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Comeback Central June 24, 2009

Posted by letitiahughes in environment.
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We always hear about celebs making a much-awaited comeback – Take That, Spice Girls – you name it – but isn’t it better when we hear of environmental comebacks? It is great to actually see good news environmental stories rather than the normal doom and gloom.

For example, we heard recently that great bustard chicks have hatched for the first time in Britain in almost two centuries, since 1832. At least three chicks from two nests are being watched over by their mothers at a secret location on Salisbury Plain, Wiltshire. The great bustard, Otis tarda, was hunted to extinction in Britain, although it used to be commonly found in the Yorkshire Wolds, Lincolnshire, East Anglia and Salisbury Plain.

But it is not just about the birds, it is also about the bees. We all know about the importance of the bee for the fine working of ecoystems, but there is one bee of special importance.

The short-haired bumblebee was exported from the UK to New Zealand on the first refrigerated lamb boats in the late 19th Century to pollinate clover crops. Although it thrived in New Zealand, it was last seen in the UK in 1988. Now Natural England and several other conservation groups have launched a scheme to bring the species home. As many as 100 of the bees will initially be collected in New Zealand and a captive breeding plan established, with the aim of eventually releasing them at Dungeness, Kent, where they were last seen. They will be flown back on planes in cool boxes, and will not be disturbed as they will be in hibernation during transit.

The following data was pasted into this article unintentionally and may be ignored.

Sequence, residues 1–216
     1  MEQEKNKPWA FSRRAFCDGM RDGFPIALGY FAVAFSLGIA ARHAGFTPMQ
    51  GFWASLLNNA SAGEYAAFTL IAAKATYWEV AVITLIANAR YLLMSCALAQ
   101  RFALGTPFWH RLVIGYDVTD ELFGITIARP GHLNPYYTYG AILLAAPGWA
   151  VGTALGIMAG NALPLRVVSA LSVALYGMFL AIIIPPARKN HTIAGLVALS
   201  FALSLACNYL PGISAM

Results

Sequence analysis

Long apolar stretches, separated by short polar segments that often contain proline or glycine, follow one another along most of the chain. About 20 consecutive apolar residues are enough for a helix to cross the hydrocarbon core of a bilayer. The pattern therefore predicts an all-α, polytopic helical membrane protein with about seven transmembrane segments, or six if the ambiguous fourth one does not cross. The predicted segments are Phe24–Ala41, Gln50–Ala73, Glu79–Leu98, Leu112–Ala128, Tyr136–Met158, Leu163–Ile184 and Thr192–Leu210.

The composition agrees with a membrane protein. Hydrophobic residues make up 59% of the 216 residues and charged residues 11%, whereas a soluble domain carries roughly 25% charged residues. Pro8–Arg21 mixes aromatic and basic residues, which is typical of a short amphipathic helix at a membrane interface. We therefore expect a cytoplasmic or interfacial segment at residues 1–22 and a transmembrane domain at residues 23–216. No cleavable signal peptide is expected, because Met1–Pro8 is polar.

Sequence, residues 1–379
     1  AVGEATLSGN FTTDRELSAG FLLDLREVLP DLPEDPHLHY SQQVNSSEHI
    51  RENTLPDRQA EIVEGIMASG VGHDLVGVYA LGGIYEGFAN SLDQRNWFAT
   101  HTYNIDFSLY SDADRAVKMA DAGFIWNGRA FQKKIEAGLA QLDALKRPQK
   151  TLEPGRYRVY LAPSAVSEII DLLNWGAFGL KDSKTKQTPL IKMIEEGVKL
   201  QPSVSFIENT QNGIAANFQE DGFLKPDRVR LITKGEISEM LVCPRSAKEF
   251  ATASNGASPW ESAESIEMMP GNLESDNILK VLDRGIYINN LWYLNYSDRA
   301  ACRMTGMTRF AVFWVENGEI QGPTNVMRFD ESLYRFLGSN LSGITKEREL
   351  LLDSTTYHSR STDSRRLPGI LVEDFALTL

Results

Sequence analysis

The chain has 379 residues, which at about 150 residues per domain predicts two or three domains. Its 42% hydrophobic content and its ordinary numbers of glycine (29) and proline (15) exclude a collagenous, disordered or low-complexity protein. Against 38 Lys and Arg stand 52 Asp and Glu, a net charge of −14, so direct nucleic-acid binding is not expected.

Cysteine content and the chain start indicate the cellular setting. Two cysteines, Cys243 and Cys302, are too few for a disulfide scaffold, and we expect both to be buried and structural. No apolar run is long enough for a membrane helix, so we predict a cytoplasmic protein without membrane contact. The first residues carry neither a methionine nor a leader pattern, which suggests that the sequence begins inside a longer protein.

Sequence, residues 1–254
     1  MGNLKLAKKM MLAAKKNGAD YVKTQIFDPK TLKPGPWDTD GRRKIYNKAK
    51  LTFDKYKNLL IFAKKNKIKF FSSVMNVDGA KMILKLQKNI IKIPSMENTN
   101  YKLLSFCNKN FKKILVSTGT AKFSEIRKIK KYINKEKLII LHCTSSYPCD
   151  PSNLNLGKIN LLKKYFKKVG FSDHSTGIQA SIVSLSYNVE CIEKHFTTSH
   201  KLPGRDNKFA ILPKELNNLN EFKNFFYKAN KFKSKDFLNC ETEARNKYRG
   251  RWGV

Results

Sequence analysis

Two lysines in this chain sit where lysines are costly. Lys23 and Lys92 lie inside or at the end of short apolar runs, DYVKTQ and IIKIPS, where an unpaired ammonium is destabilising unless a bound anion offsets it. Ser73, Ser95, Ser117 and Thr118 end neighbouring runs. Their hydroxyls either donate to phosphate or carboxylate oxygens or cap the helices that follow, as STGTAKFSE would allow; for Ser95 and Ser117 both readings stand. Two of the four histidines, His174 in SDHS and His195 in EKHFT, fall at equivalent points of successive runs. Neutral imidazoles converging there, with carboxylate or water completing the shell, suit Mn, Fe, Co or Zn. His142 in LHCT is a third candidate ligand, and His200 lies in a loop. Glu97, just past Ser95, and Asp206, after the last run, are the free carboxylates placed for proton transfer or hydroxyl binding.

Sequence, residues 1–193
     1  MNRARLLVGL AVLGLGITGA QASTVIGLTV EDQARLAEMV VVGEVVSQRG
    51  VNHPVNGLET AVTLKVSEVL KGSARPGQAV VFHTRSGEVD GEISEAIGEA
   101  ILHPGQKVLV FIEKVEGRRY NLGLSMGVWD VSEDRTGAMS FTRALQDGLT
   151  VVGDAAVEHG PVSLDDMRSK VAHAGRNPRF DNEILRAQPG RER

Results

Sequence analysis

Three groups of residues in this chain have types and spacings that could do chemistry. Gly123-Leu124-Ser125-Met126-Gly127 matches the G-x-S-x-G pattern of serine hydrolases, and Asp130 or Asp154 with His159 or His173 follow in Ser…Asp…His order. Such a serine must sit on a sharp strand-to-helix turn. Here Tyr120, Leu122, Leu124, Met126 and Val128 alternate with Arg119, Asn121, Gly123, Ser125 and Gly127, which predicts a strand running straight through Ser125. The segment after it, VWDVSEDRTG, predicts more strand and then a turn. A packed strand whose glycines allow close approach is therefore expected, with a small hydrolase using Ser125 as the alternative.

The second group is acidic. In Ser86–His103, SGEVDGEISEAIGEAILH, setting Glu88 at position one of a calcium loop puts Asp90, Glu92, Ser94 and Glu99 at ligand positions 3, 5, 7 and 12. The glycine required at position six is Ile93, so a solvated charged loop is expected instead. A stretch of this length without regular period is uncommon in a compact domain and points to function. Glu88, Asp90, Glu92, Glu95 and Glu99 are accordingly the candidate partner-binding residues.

This return of the bees is really important as the bee is a “keystone species” for pollinating around 80% of important crops.

It would be great to hear what other good news sustainability stories people may have?

Comments»

1. Laura - June 24, 2009

Yey Great Bustard!!!

Love the birds and the bees line too!!


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